Custom Software Solutions: Requirements / Initial Engagement 2

Custom Software Solutions: Requirements / Initial Engagement 2

The Requirements / Initial Engagement phase is not through quite yet.  You can check out the first half of this phase: here if you missed out. Following the initial engagement session, it is important to digest all the ideas that were presented. Take those ideas and document them into a long-term product roadmap. Don’t get hung up on presentation, organization and details of each item –just get them captured and recorded. Now, not everything will be useful right away, but it is important that you get it into your roadmap and you can flesh out the course for your product as you proceed. It is now time for you to begin to size-up the project. What kind of resources do you think will you need? What type of skills are those resources going to need to have? What are your initial thoughts on costs involved with the project going to be? What kind of equipment or facilities are you going to need? This is not the time for detailed budgets, project plans and resource allocations; this is the time for initial gut driven estimates and assumptions. An experienced business consultant can help you here by providing expertise from past projects and engagements that they have worked on to help frame the expectations around a given project.

Review & Feedback: Now, before you do anything else, this is the first place that you start to get some customer feedback. Once you have organized the ideas, it is time to share with a control group of your existing customers or a group of potential customers. I’m going to call this group your steering committee. This group needs to give you some tough love and harsh feedback about your project/idea. This should be a well-organized presentation, one that illustrates some key customer pain points and how this new awesome software application will help address those issues. This presentation should be in person if possible, but can be done as an online presentation as well. Your goal is simple; you just need to get some people to be interested enough in your ideas and concepts that they express an interest in wanting to know more. You can tell if you are on the right track if they start talking about how they might use this new customer software application in their existing environment. If however, you hear crickets, lot’s of “mmms” or “uh-huhs” you might be heading back to the drawing board.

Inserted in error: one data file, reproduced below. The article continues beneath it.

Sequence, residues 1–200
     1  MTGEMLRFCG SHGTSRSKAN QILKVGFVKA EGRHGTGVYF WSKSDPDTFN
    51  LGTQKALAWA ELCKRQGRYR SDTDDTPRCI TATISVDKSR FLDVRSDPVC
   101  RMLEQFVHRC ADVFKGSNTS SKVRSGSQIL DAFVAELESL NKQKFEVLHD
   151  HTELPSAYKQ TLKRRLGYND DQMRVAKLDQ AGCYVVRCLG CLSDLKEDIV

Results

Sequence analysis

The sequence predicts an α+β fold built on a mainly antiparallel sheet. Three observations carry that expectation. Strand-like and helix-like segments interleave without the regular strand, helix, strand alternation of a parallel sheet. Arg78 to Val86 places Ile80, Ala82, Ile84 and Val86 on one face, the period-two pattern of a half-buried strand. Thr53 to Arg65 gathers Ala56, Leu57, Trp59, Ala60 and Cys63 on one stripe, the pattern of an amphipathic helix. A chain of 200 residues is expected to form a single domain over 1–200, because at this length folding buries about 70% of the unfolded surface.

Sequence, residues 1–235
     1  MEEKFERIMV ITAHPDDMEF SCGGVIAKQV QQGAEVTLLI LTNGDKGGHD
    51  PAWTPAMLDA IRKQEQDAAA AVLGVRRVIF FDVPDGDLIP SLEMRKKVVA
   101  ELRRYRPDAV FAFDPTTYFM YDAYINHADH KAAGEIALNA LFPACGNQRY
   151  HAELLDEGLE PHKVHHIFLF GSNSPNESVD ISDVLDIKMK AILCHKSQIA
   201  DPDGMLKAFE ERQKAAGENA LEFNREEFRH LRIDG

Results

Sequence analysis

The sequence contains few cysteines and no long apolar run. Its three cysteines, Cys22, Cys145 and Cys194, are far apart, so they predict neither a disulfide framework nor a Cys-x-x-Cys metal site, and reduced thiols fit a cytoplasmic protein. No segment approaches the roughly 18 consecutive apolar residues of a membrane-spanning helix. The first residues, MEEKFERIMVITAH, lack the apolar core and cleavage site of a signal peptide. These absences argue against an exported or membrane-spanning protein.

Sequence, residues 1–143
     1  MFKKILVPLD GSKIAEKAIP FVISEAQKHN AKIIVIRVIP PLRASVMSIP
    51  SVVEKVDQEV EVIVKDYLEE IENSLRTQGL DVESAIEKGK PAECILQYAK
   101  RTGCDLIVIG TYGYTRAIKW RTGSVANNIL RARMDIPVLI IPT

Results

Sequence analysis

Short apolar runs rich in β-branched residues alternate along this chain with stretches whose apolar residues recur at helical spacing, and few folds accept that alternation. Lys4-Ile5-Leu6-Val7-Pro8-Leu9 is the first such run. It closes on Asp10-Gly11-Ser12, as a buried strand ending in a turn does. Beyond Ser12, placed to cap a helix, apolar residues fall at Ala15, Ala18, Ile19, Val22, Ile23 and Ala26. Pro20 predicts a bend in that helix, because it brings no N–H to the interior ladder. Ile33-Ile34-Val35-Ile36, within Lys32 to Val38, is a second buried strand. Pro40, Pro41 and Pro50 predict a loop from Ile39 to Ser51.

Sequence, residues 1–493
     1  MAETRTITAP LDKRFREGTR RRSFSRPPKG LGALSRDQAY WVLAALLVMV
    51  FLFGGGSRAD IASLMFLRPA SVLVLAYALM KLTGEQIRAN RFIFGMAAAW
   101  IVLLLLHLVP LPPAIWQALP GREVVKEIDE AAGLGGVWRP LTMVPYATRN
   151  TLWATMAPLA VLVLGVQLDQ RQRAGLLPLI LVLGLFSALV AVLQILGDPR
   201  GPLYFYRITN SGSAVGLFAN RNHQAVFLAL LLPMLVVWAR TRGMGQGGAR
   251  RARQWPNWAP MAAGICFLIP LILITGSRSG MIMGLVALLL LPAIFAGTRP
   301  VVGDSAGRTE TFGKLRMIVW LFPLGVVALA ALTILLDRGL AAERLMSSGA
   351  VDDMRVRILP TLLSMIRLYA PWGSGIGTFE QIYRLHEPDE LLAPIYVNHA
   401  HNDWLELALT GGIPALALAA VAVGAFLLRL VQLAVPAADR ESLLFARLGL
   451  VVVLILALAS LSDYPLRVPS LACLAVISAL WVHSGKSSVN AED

Next Steps: Ok, if you are still here then hopefully your first customer litmus test produced some positive results. Now the brownies are gone, the fun of dreaming is over and it is now time for some real work to begin. The next phase – prototyping, this is where the hard decisions begin.

Subscribe to our newsletter: here to catch the rest of this highly beneficial series.  If you know someone who could benefit from this article, please share us on Facebook, Twitter, Google+, LinkedIn, etc. to get word moving.

Read: Previous Article

Read: Next Article

blog comments powered by Disqus
  • 10 April 2013
  • Author: James Nagy
  • Number of views: 3252
James Nagy

James NagyJames Nagy